In the 1920s a writer appeared who became the most famous and well-read children’s author ever and yet who became rather unfairly maligned: Enid Blyton. Whilst the accusations of racial-stereotyping may have some foundation, she, more than any one single author, encouraged millions of children to read, much in the way the Harry Potter books are doing today. Although she is best known for her adventure books, her first full-length fiction work was The Wishing Chair (1937), that takes children into fairytale adventures and in terms of fantasy the marvellous creations in stories about The Magic Faraway Tree, which is a portal to a million different worlds, is a significant contribution that inspired the minds of countless young readers.

C.S. Lewis wrote The Lion, the Witch and the Wardrobe (1950) as a consciously Christian fable, where Aslan is Christ resurrected by “Deep Magic from the dawn of Time”. The wardrobe is a brilliant conceit and the subsequent Narnia books are extremely literate and thrilling, making these the ultimate books to be read by children of all ages. It still surprises me that some people have read Harry Potter but not the Narnia Chronicles – surely some mistake!

From the 60s onwards children had the pleasure of reading Roald Dahl whose prose is tougher and more irreverent than most children’s books had been before. He appeals to the naughty child within us all and his books contain some of the most imaginative and original ideas ever seen in print. My own favourites are James and the Giant Peach (1961) and Charlie and the Chocolate Factory (1964), which both owe something to the nonsense of Lewis Carroll.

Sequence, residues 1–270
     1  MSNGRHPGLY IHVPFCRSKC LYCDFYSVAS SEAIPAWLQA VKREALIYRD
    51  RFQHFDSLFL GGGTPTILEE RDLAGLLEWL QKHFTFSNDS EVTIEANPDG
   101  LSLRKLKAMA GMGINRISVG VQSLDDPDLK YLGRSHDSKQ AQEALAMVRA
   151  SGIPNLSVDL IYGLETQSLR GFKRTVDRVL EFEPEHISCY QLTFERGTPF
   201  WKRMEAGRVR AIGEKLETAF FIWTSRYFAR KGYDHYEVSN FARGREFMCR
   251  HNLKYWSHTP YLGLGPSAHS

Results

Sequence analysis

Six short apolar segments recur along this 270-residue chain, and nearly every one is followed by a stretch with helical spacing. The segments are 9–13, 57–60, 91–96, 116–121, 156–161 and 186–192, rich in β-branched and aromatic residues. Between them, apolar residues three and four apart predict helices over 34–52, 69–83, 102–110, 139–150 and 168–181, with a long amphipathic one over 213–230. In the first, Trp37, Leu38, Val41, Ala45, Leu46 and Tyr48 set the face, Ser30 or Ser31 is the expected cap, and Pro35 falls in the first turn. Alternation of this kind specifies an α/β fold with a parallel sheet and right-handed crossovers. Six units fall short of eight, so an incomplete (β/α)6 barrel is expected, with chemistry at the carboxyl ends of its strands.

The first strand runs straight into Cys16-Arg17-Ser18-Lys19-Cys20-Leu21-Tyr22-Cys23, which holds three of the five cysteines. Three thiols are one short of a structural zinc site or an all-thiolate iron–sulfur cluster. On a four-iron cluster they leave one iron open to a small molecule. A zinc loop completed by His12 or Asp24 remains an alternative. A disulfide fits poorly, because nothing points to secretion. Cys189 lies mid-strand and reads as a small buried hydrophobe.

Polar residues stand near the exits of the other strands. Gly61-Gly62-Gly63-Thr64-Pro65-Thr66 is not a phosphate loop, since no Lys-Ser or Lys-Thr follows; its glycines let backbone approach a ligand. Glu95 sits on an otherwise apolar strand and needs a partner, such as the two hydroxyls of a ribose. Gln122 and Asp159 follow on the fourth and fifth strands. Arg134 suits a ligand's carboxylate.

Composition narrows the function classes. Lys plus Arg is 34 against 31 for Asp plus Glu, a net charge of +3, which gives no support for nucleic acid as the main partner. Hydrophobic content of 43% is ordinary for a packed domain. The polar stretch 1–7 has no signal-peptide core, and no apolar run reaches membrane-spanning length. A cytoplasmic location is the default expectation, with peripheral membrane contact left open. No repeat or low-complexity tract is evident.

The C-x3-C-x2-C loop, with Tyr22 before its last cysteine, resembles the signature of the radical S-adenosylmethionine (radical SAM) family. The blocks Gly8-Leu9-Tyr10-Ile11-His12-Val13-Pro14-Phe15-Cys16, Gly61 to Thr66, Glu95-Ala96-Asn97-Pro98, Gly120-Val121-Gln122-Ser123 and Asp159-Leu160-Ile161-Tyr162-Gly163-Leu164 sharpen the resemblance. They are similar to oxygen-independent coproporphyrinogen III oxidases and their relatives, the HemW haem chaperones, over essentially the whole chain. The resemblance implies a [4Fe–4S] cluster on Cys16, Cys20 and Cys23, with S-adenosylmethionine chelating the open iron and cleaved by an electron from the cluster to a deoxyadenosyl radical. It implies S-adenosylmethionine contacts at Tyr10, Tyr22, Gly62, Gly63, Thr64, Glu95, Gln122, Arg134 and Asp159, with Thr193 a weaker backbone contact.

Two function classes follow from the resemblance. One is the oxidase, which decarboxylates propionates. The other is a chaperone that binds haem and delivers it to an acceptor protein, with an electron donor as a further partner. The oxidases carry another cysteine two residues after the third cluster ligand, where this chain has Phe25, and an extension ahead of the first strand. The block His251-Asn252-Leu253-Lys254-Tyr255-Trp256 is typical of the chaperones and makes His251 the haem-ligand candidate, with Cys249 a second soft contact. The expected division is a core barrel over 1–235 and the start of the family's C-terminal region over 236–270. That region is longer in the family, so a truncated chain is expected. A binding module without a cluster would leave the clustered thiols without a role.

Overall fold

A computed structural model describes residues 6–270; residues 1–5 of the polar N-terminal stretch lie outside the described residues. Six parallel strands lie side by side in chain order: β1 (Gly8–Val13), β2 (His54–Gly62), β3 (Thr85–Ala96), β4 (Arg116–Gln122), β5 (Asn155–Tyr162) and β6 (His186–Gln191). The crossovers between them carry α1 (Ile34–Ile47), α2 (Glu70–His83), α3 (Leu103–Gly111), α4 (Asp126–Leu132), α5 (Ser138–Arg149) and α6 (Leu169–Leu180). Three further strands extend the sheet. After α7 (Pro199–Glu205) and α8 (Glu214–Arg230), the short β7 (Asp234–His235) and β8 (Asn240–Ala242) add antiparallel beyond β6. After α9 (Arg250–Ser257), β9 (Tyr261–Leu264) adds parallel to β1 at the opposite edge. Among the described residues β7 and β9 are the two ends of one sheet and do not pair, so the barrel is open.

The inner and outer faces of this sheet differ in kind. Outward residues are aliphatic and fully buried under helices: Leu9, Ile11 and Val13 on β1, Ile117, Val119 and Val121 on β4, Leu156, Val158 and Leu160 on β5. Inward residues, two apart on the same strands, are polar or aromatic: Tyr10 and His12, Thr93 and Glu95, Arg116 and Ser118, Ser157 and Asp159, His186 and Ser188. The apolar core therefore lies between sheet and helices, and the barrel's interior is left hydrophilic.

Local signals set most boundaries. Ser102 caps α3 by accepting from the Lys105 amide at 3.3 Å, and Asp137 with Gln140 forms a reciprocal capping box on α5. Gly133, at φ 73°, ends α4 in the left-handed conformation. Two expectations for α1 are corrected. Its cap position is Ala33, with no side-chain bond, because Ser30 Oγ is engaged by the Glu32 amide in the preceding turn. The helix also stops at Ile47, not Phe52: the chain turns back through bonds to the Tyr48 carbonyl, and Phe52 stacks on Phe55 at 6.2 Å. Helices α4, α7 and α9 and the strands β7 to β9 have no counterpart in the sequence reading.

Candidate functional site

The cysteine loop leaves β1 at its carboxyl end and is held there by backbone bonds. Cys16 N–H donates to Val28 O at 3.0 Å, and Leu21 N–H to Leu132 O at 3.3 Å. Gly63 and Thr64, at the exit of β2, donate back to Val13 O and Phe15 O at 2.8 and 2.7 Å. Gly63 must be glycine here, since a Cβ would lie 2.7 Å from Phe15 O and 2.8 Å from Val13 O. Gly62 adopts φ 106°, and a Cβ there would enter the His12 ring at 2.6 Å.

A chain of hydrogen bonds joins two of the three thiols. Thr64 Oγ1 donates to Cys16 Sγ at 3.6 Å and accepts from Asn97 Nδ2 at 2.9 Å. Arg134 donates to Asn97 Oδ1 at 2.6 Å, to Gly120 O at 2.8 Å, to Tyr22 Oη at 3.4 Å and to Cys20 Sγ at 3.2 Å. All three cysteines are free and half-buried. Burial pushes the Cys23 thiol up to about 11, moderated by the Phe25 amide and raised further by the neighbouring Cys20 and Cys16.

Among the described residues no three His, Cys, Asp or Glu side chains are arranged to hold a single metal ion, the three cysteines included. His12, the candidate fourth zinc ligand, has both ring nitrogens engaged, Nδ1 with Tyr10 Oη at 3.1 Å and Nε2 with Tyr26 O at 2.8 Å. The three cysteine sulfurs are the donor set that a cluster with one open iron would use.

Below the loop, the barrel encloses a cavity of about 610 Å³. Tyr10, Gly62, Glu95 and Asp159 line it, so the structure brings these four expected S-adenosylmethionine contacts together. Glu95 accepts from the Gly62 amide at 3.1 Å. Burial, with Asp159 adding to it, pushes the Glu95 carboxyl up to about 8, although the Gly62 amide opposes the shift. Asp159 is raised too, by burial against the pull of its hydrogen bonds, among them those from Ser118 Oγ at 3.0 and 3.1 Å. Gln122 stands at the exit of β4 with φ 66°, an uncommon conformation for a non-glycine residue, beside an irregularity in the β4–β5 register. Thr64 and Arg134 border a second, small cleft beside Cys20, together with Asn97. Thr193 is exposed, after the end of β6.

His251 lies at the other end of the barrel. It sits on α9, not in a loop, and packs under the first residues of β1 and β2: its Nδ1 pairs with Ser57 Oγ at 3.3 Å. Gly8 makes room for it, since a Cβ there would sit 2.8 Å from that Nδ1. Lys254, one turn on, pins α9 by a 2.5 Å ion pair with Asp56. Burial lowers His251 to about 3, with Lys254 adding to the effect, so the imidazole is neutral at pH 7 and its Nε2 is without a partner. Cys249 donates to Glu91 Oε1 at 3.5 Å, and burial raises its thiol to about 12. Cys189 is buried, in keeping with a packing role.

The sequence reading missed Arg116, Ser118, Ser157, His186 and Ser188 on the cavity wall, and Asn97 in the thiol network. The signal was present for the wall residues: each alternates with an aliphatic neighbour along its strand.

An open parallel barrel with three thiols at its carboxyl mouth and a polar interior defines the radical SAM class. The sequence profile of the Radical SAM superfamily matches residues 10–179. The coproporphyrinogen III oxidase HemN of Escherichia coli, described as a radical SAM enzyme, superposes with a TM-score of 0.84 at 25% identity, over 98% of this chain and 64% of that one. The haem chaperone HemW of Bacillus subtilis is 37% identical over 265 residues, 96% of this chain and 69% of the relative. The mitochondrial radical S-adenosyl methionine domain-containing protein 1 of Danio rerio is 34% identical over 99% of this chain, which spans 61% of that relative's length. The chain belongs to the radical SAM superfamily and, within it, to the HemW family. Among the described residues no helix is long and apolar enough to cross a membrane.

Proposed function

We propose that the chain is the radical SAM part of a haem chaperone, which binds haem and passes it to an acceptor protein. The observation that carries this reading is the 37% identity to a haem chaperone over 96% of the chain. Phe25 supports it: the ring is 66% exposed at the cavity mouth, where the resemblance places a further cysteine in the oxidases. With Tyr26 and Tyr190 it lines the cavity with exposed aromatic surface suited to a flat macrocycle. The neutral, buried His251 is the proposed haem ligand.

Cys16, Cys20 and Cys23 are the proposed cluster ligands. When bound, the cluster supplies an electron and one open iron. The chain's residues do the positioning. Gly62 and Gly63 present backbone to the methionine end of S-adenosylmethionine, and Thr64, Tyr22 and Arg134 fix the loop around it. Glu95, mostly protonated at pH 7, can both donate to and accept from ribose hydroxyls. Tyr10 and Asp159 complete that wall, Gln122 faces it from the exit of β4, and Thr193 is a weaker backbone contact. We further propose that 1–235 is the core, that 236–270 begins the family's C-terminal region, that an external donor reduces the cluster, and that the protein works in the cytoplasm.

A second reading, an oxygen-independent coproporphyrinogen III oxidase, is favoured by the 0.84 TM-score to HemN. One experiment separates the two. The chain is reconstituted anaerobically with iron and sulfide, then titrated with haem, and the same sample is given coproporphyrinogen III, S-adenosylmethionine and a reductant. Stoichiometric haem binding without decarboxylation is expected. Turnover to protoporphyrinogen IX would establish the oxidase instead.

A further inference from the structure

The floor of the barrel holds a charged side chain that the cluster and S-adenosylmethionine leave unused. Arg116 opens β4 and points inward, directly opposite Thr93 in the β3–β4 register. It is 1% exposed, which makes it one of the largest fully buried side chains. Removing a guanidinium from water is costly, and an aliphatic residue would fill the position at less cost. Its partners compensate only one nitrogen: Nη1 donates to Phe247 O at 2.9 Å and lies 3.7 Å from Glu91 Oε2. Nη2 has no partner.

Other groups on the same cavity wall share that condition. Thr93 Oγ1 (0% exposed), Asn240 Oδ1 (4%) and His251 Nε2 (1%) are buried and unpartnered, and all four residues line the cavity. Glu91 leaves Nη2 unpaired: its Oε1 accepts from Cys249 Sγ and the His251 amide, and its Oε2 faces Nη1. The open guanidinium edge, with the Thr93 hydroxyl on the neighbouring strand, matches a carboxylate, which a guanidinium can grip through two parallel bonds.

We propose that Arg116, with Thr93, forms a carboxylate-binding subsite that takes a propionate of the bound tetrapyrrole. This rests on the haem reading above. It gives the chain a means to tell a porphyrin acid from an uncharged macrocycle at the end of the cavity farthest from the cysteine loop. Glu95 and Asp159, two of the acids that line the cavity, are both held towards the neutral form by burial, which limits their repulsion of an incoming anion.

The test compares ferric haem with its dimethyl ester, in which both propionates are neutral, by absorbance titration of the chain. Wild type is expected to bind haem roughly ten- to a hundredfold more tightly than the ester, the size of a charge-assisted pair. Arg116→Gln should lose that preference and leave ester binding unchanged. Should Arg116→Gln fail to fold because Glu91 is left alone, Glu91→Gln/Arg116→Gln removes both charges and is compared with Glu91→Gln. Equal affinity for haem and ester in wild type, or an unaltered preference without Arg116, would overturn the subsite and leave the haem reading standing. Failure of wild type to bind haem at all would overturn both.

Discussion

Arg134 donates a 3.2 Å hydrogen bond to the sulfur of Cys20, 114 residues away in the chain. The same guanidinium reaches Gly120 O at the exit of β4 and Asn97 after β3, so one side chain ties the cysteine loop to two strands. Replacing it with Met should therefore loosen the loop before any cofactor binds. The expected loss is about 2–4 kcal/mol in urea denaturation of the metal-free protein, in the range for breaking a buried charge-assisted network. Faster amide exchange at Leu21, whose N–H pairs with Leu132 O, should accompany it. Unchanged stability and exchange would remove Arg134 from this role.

At about the same time appeared another writer of great importance to fantasy in general, Alan Garner, whose mystical adventure stories appealed to older and more sophisticated readers. The novels tended to be more serious, containing some philosophical depth – perhaps some of the most literary of all children’s fantasy. These are the kind of books that would be enjoyed as much by adults. Michael Moorcock, for one has vociferously argued his preference for Garner over the safe and gentle nursery fables of Lewis and Tolkien. Garner’s fiction tends to contain echoes and analogies from Nordic and Celtic mythology.
Other important fantasy texts worthy of mention include Russell Hoban’s The Mouse and His Child (1967) about clockwork toys who attempt to discover who they are and how they work; Ted Hughes’ The Iron Man (1968) contains pathos and a brooding atmosphere, and last, but not least, Gerald Durrell’s greatly under-rated The Talking Parcel (1975) with cockatrices, griffons, moon-calves and a giant sea-serpent with an ear trumpet.
Today children’s literature is dominated by fantasy authors such as Brian Jacques, Terry Pratchett, Philip Pullman and David Almond and there is something of a renaissance in not only children’s literature but in fantasy itself. Most of the accolades are going to J.K. Rowling for the Harry Potter books, for which parents and English teachers are most grateful, but has anyone noticed how similar they are to a certain series of books by Ursula LeGuin that began with The Wizard of Earthsea (1968)? That’s about a boy who goes to wizard school and has adventures fighting against the dark forces of evil … oh!